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Re: How do you handle Database Configuration Management?

From: Niall Litchfield <>
Date: Wed, 28 Nov 2007 10:16:17 +0000
Message-ID: <>

On Nov 28, 2007 4:07 AM, <> wrote:

> Application Code can simply be recompiled completely when a new build is
> done. However, recompiling the database involves dropping and re-creating
> tables. This can't be done once you go live.

It can if you include intermediate tables to migrate the data to the new format. There's a norwegian, now dutch, ERP package that used to use this technique - almost certainly still does.

> Now one method is to use upgrade scripts. So you have one initial release
> of the database and simply run upgrade scripts to increment to a new
> release. This can be a problem if you have to stand up a new schema. After
> some time you can have alot of upgrades to run. This can be management with
> code, but this is run serially and could take a significant amount of time
> to take a new database to the same level.

This is the method I tend to see in practice. It has the clear advantage to the software developer of focussing upgrades/fixes/new functionality in atomic units, you are correct that it can take considerable time. If you have the luxury of working with the DBA of the system you might well be able to tune the scripts as appropriate.

> Another option is a mix-of upgrades and being able to re-create your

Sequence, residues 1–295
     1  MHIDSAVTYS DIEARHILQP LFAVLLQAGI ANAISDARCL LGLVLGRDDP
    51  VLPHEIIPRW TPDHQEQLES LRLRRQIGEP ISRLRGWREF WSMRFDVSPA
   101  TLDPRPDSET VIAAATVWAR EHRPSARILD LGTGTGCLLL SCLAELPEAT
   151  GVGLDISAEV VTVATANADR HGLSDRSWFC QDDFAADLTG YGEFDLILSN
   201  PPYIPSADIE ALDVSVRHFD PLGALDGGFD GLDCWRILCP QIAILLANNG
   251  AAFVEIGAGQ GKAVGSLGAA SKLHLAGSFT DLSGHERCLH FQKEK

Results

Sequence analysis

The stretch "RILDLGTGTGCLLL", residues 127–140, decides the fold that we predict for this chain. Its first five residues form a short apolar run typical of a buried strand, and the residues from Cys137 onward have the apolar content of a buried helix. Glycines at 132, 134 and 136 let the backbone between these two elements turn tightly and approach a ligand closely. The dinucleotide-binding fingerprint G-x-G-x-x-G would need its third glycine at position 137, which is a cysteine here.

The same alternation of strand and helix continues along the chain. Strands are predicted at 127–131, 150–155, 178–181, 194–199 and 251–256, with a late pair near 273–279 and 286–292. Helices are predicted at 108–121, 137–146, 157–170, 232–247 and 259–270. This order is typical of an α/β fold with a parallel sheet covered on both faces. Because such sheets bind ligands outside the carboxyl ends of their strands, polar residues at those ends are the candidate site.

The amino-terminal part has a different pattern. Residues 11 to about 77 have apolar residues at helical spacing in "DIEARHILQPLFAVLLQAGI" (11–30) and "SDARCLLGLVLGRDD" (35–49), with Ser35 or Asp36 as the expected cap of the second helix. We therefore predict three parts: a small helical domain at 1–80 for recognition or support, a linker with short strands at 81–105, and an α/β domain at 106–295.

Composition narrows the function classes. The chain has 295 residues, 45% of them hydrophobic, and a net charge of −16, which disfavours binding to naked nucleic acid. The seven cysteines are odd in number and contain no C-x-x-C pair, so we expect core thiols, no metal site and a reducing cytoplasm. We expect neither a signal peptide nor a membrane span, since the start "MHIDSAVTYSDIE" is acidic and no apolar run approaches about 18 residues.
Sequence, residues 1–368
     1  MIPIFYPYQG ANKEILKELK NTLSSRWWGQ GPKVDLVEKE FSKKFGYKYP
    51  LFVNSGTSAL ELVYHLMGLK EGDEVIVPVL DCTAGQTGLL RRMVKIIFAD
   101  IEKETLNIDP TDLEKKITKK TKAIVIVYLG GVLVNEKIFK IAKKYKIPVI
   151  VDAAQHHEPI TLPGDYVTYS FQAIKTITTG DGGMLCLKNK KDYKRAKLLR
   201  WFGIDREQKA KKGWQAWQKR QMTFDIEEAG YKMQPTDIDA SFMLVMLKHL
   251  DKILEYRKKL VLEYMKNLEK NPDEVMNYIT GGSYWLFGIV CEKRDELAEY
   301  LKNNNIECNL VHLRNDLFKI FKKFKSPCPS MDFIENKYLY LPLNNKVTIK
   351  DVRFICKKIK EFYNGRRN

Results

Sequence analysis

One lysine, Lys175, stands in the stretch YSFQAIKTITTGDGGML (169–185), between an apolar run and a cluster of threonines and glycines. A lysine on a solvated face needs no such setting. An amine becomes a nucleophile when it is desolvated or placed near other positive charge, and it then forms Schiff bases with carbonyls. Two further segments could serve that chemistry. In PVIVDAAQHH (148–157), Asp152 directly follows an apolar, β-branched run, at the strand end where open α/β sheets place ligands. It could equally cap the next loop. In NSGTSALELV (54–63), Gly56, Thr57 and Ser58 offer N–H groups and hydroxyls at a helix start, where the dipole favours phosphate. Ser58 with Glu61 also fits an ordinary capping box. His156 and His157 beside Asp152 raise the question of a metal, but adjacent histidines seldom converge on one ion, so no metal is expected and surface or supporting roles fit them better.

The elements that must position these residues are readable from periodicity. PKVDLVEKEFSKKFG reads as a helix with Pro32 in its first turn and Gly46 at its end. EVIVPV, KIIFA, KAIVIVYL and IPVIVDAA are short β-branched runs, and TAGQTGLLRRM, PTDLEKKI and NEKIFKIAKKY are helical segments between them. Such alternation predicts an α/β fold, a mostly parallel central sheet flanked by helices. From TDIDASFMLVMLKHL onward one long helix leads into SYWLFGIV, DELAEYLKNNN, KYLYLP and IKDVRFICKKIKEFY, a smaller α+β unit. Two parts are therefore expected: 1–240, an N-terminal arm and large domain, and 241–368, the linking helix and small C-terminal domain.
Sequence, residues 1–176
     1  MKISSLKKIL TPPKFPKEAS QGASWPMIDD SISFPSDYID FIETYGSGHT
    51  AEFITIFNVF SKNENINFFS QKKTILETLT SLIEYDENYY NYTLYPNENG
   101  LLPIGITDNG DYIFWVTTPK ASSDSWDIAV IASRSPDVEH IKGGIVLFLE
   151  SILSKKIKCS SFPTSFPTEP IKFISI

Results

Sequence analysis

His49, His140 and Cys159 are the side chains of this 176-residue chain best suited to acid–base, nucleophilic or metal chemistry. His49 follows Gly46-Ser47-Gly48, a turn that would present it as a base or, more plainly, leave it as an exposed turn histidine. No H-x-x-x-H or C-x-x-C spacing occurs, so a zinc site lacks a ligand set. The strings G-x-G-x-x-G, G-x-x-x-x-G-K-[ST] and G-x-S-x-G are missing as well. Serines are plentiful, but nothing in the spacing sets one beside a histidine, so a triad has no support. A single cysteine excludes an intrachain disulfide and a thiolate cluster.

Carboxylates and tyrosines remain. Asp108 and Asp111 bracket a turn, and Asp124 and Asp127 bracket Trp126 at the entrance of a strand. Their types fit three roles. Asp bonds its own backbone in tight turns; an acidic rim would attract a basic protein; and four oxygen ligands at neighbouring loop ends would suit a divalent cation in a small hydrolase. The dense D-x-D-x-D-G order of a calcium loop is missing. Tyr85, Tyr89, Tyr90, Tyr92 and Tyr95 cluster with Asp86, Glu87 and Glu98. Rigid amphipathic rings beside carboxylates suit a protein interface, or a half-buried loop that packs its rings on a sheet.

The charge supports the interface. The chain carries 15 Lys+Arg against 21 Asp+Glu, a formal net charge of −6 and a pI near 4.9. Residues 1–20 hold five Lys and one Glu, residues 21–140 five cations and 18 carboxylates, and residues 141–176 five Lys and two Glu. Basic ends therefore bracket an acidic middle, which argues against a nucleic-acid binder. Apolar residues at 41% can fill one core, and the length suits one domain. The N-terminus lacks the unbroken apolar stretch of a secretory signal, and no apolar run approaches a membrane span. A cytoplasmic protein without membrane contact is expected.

> database tables/code, etc... to the same level. So you have an upgrade
> directory to run upgrades, but you also keep DDL scripts so you can code and
> a script to build this. The problem with this is that you are alot of times
> keeping two versions of the code and to really run a test you have to test
> and maintain both copies.

If you mean code branching (I can patch from 1.1 to 1.x but there is no direct path to 2.0) then I think this also makes some sense. It tends to be expensive for the customer because invasive fixes tend to get delayed to the 2.0 release and then that particular upgrade is riskier and requires a greater investment in testing.

> Now another option is to use a repository like designer or Erwin. We don't
> have those tools.
> So how do you handle CM for your projects? I have always found this to be
> pretty time consuming. Especially if you have multiple parallel developments
> going on.
> Version 1.1 is going out friday
> One team is working on version 1.2 which is due out in a month
> Another team is working on a different module which is in version 1.3which goes out after that
> You then have to "merge" your code. You can run into a problem where 1.1is in System Test(QA in the private sector) and then it "fails", but version
> 1.2 is in development and developers are working off of the bugged version
> of 1.1.
> btw, we are using Subversion. I have used PVCS and Rational in the past
> and have found those to be more robust tools, however, they also tend to
> require administrators to keep them running.
> --

Niall Litchfield
Oracle DBA

Received on Wed Nov 28 2007 - 04:16:17 CST

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